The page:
In an ongoing campaign to mop up its image, Providian Financial Corp. has unveiled a deposit product designed to offer higher interest rates than passbook savings accounts and more liquidity than certificates of deposit.
Planned Savings will require a $500 minimum opening deposit and carry no monthly fees as long as the customer maintains a balance of at least $1,000. People falling below that amount will pay $5 a month, but this fee will be waived if they deposit at least $50 a month. The interest rate will be 5% at first, and the account will allow one withdrawal per month.
We want to encourage people to put away money every month, said Jody Bhagat, senior vice president of global e-commerce at San Francisco-based Providian. We provide the middle market a way to start saving with a low balance. The minimum for Providians certificate of deposit is $5,000 and funds cannot be withdrawn in the first six months.
Since Providian agreed with federal regulators in June to pay a whopping $300 million to settle a variety of complaints about its credit card business practices, it has set out to show what a good citizen it is. Among other things, the lender commissioned a savings-habits survey through the Consumer Federation of America which was an enemy of Providians when the complaints were getting it a lot of unwanted attention.
The survey found that Americans lose $30 billion to $50 billion a year in interest payments by keeping their money in low-yield passbook accounts instead of investing in money market accounts or U.S. savings bonds. Caravan Opinion Research Corporation International did the polling for the Consumer Federation, interviewing 507 men and 501 women in July.
Shailesh J. Mehta, chairman and chief executive officer of Providian, used the survey results to illustrate the need for Planned Savings. The cost of funds for these small savers is not much higher, but the issue is servicing and transactions costs, he said. If they use the Internet and telephone, we can pass on those savings.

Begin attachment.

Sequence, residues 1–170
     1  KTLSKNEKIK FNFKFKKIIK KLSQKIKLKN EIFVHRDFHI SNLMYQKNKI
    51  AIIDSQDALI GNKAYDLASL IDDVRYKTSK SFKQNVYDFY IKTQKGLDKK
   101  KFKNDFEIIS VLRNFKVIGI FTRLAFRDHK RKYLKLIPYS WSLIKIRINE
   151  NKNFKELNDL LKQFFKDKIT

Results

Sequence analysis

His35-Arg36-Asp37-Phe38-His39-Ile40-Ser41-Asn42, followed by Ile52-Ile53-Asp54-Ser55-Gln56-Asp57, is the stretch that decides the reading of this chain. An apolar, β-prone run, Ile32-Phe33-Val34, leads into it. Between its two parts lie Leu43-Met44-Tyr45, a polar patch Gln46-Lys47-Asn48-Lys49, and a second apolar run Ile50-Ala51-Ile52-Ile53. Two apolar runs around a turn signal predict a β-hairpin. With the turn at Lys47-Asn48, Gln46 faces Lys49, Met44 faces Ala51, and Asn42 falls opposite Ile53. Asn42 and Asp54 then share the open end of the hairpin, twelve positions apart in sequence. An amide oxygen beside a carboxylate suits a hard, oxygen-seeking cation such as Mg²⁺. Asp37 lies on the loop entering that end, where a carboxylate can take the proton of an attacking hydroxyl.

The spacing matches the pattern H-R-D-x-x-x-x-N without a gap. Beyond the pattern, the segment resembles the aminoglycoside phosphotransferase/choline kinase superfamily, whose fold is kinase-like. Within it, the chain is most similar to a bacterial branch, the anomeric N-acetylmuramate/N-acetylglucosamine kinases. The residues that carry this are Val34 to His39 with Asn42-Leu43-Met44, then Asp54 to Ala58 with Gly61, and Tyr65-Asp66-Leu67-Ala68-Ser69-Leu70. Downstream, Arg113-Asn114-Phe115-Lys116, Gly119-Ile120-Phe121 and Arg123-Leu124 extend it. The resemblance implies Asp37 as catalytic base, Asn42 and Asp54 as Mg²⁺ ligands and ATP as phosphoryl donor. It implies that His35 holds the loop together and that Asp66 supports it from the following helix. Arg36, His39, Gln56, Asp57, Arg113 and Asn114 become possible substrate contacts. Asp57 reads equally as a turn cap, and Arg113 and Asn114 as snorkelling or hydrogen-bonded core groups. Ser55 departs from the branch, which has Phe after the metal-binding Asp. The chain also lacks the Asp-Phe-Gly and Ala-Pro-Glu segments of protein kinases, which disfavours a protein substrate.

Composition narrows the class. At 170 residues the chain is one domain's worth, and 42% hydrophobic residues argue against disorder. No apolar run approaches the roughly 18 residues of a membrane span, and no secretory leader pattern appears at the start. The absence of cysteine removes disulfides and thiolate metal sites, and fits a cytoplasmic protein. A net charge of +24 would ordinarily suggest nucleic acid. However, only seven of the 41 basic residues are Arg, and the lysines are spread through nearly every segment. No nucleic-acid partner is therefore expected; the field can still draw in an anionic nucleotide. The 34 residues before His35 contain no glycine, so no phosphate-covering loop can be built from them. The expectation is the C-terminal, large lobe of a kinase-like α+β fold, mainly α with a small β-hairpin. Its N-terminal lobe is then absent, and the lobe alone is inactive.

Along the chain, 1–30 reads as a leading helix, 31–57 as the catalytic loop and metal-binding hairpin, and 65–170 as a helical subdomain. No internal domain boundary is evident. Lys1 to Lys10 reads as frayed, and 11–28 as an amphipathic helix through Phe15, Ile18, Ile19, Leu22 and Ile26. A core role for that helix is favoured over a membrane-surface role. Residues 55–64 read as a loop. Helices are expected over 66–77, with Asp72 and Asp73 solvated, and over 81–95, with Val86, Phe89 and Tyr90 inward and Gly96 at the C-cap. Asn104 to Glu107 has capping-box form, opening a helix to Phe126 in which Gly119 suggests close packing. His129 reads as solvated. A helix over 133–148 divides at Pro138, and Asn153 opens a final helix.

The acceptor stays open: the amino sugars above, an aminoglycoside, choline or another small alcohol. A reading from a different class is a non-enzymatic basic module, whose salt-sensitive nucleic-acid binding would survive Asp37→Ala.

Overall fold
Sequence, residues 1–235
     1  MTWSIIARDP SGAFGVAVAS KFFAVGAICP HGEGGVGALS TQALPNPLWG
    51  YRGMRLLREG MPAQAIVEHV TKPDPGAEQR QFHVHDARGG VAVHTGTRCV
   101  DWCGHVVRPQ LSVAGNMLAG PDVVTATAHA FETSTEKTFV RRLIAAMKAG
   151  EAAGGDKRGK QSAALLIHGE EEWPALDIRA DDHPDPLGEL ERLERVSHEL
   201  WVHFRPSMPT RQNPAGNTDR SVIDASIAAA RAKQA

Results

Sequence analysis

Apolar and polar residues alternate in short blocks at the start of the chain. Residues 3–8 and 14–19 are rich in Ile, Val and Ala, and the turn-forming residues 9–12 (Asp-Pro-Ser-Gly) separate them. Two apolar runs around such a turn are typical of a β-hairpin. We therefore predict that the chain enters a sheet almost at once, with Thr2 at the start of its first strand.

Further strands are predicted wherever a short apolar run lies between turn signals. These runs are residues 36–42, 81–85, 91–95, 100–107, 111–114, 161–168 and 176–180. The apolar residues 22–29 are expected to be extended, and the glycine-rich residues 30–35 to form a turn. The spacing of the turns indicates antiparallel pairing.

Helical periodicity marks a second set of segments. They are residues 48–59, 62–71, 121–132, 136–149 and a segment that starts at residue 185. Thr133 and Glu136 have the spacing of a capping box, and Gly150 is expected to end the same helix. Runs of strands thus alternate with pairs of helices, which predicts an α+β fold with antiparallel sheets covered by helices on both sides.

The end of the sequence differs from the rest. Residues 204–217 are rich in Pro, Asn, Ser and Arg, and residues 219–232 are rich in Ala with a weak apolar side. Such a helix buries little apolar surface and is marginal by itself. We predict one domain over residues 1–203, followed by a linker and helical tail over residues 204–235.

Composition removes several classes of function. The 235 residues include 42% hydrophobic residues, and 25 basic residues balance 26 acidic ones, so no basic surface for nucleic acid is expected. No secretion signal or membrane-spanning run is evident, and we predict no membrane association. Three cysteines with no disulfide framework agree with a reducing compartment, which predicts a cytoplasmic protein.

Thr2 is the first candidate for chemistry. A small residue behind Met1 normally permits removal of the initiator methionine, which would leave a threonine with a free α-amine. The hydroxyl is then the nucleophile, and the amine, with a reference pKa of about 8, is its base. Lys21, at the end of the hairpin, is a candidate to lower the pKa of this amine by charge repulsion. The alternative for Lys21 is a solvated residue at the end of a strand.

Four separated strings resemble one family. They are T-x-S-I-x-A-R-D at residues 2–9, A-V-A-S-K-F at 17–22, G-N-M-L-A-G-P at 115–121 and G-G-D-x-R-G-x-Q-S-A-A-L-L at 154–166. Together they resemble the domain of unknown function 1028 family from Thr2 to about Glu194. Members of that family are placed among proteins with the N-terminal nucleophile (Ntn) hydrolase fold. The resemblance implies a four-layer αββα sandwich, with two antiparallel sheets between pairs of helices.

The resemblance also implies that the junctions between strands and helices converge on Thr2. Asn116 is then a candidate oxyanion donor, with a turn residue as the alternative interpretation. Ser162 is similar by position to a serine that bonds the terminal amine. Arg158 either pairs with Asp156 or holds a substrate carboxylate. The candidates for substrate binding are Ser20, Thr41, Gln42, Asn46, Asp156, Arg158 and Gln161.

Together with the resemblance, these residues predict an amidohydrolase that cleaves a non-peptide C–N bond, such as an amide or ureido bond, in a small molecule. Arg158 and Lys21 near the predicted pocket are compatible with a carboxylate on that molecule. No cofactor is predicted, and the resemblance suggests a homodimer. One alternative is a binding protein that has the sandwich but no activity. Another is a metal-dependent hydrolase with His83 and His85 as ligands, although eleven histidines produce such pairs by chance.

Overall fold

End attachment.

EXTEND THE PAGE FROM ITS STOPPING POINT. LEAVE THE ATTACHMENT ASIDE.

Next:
Providian offers its deposit products primarily through the Internet and by phone, and has only a few branches for in-person banking. The company will market Planned Savings to its credit card and CD customers.
At a news conference Tuesday in Washington, the day before Planned Savings was announced, Mr. Mehta stood beside Stephen Brobeck, executive director of the Consumer Federation. The two organizations have had a rocky relationship because of the complaints about Providians fees.
American savers are leaving billions of dollars on the table, Mr. Mehta said.
Steven Brobeck, executive director of the Consumer Federation, emphasized the cost of the passbook habit. If savers shifted these funds to CDs or U.S. Savings Bonds, they would earn over $13 trillion in interest over 30 years, he said. Earning more interest would serve as a significant incentive for families to save more.
Mr. Brobeck said people keep too much money in low-yield savings accounts because they lack knowledge about yields, or they require liquidity.
That Providian had a place at the podium alongside the Consumer Federation is notable. A few months ago Mr. Brobeck said he was troubled by Providians aggressive marketing to lower-income households.
At Tuesdays press conference Mr. Brobeck made only oblique reference to Providians grievance record. They have settled outstanding consumer complaints, he said before going on to discuss the survey.